Community Vitality: From Adaptation to Transformation explores key themes related to what makes a community vital while illuminating the importance of the concept in order to inspire and guide critical shifts towards thriving, resilient and sustainable communities.
Urban Sustainability: Reconnecting Space and Place brings together researchers and practitioners from across North America in an interdisciplinary exploration of the governance challenges and opportunities that face city planners. The book highlights the importance of collaborative partnerships and engagement processes when engaging in sustainable urban planning and development, and contributors to the book provide insights on how issues that affect sustainbility can be reconciled through such processes.
Available here from the University of Toronto Press.
Popularizing Research describes methods of communicating research ideas by utilizing more that the traditional publications approach. The book is divided into nine parts: film, visual media and graphics, exhibits and installations, audio, periodicals, books and reports, dialogue, performance, and publicity. Each chapter is written through a unique voice and set of experiences; however, common elements are seen throughout the volume as to why an approach to communicating research was designed or selected.
Innovation, Science, Environment includes reflections from a number of Canada's leading sustainable development thinkers, two decades after the 1987 publication of the seminal United Nations report Our Common Future. Published by the World Commission on Environment and Development - and often referred to as the Brundtland Commission Report after its Chair Gro Harlem Brundtland former Prime Minister of Norway - the report popularized the concept of sustainable development which continues to influence economic, environmental, and social policy decisions and structures in individual countries and international organizations.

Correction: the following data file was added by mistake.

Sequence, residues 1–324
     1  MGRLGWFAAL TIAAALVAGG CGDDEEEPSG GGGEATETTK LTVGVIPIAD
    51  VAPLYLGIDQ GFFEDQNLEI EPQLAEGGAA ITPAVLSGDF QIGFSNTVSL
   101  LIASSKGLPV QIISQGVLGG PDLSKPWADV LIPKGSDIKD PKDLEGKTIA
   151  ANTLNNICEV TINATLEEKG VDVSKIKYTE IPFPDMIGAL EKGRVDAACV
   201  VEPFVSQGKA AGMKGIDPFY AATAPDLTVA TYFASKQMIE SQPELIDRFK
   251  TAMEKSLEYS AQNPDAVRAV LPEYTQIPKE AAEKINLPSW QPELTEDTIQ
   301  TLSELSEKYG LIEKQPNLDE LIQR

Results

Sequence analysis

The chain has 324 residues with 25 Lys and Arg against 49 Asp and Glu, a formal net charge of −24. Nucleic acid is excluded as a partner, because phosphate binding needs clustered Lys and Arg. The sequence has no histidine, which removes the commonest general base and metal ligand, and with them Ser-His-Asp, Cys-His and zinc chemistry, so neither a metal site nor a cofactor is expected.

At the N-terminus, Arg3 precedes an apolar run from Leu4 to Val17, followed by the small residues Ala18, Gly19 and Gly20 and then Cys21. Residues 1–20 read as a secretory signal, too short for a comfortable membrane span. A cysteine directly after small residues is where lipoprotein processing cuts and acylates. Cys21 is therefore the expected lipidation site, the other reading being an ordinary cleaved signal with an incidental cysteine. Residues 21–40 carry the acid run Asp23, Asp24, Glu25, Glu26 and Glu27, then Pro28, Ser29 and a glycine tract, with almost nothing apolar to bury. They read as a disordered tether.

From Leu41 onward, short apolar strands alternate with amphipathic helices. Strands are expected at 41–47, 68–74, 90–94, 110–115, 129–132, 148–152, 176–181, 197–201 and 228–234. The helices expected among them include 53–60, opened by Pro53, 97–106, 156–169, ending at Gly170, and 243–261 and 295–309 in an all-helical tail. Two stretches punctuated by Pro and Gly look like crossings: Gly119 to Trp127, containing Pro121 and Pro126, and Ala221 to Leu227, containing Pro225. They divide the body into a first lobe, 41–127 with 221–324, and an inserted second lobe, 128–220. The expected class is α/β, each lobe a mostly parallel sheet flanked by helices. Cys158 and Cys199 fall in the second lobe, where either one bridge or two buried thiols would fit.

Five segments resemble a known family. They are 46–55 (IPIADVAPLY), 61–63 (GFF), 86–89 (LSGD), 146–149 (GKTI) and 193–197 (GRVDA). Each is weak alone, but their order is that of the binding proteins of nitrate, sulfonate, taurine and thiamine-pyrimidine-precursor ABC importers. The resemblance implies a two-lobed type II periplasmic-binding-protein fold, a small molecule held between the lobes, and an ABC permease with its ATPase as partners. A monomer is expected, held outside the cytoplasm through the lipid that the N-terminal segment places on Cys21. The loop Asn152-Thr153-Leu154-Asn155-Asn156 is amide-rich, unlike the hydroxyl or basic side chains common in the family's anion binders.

The aim of this volume is to provide a coherent set of chapters that address major issues in resource and environmental management. The book has a North American focus with significant, but not exclusive Canadian Content. 'Integration' is the organizing theme of the volume. Integration as a concept (meaning variously integration across disciplines, across agencies, and across sectors) has been a key theme in the policy and management rhetoric of virtually every agency in North America and abroad for more than 30 years. As one of the dominant themes of the discipline, integration has been addressed both as a component and as the main focus of a variety of texts for this course. However, there is nothing on the market at the moment that is both up-to-date and North American in approach.
It might, at first glance, seem to many that industry and ecology make strange bedfellows. For proponents of sustainable development, however, such a union is crucial. How else are we to make the industries that are so central to modern societies consistent with our visions of a sustainable future?
A Dynamic Balance is a timely and provocative call for reconciliation and reconnection within and between communities. It makes unique links between two schools of thought, social capital and sustainable community development, showing how both are interdependent and can be mobilized by governments for greater agency in communities everywhere.
Looking at case studies in both Australia and Canada, it draws upon lessons that can be learned to reconnect large urban centres and smaller communities.
At the Edge is a sweeping analysis of the ecological, social and economic imperatives of sustainable development, and explores a new model of governance based on reconciliation and integrated decision-making. Winner of the 2001 Policy Research Initiative Award for Outstanding Research Contribution to Public Policy.
Achieving Sustainable Development provides an overall introduction to critical subjects in sustainable development -- industrial growth, women, institutional arrangements, industrial practices, and aboriginal peoples. Most importantly, it argues for the immediate development of a research and policy agenda for Canada and suggests mechanisms for its implementation.